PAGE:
Floor 1

Ground round dF Floor loo loor

24

fig 1-4 NORTH SECTION 90’


Floor 16

Floor 15

Floor 14

Floor 13

Floor 12

Floor 11

Floor 10

Floor 9

Floor 8

Floor 7

Floor 6

Floor 5

Floor 4

Floor 3

Floor 2

Floor 1

Ground Floor

fig 5-8 EAST SECTION 75’

25


Outdoor Park

Overturning Stair

Overturning Stair

Swiveling Cafe

Swiveling Cafe

Sky Tunnel T

T Tunnel

Orbiting Theatre

Orbiting Theatre

Outdoor Park

Gym

Gym

Oscillating Corridor

Oscillating Corridor

Shared Program y

26


Mary and Jack is excited to Jenny perform watch a Star Wars in a class play marathon in the theatre in the theatre, with his roommate Mary is a pirate James and their and Jenny is a friends down the hall shark. Jenny’s as soon as they all Mom is going to finish dinner. be late.

Marcus knew he Sitting on the overturning stair, wouldn’t finish his Julia sighed in solace, she paper before his 12 couldn’t believe she made it a.m. deadline. He to the presentation given by closed his eyes. Since her all time favorite sculptor, he had been sitting in Fernand Hernandez. The early the library, it had morning traffic was horrendous! snowed six inches.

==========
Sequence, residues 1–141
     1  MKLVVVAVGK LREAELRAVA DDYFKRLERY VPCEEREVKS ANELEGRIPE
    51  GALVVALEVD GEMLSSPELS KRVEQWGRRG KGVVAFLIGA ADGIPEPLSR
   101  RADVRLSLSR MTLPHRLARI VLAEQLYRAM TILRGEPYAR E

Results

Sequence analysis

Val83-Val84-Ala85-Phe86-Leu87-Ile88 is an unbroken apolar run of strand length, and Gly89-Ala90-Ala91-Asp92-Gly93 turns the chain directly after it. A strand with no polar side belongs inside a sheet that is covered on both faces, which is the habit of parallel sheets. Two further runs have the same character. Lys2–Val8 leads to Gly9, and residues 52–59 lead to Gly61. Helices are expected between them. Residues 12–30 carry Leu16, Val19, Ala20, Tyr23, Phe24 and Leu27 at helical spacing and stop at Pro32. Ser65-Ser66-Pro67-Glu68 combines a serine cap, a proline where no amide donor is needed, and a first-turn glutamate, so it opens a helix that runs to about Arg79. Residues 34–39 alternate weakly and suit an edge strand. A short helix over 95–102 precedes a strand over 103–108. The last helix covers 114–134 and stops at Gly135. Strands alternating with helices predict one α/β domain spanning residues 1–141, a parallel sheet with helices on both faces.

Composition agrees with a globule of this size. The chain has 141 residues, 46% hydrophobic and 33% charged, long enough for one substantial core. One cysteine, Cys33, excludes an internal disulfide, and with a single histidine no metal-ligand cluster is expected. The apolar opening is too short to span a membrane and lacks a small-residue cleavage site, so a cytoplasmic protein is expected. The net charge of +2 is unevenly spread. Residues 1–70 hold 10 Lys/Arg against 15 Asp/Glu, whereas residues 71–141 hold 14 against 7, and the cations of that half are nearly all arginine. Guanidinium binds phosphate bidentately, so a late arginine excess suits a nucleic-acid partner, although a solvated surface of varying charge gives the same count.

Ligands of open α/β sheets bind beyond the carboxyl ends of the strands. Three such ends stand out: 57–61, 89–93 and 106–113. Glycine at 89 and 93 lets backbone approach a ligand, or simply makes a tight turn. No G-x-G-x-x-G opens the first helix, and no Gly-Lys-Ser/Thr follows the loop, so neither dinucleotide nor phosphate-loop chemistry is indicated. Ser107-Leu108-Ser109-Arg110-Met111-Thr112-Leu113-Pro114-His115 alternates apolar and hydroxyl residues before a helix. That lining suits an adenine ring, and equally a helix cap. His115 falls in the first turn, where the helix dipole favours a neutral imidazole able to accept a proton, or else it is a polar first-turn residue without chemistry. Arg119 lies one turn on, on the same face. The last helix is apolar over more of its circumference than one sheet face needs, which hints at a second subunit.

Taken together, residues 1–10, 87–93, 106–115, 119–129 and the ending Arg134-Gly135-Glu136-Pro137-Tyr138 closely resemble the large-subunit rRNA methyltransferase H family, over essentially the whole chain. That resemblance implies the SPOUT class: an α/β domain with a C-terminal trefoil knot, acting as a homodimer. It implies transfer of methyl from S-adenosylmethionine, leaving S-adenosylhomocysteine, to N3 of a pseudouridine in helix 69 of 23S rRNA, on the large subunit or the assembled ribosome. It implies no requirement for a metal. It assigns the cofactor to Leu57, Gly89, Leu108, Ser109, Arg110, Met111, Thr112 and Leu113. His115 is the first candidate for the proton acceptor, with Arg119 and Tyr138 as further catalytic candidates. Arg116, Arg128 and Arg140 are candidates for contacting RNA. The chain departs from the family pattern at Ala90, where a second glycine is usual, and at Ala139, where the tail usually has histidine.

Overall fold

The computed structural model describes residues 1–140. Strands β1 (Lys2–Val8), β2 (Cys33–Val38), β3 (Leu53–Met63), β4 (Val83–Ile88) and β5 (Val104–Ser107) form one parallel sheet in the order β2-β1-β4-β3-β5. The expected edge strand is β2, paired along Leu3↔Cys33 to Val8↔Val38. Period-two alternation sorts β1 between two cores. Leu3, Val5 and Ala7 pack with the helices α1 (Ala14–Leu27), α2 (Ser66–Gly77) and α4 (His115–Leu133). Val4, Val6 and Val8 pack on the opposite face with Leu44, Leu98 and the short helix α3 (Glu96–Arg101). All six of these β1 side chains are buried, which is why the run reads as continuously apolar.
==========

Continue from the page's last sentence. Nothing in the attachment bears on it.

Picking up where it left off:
Chris

Matt was sure

sick of doing loved

other chicken.

people’s He forgot

dishes. He that the

only got this cafeteria

job to buy didn’t

a new ipod. open

Frau Matina counted the “Could the sun take any longer to set?” Only students’ heads in a hurry, she then could Ashley go out to the the park knew that soon the playground and get phone service to call her Mother back would be overtaken by the in Memphis. enemy.

He Frank thought that he would go Kristine finally for a bike ride before he had his learned to tie her own afternoon nap. He pondered the shoes! As her notion in front of his building babysitter walked her for a second. Scanning Michigan into preschool, Avenue, he decided: “not today, Kristine pictured maybe on Sunday, when the the look on her best street is vacant of frantic, friend Paloma’s face. distracted tourists.

until

considered 3 p.m.

quitting. though.

27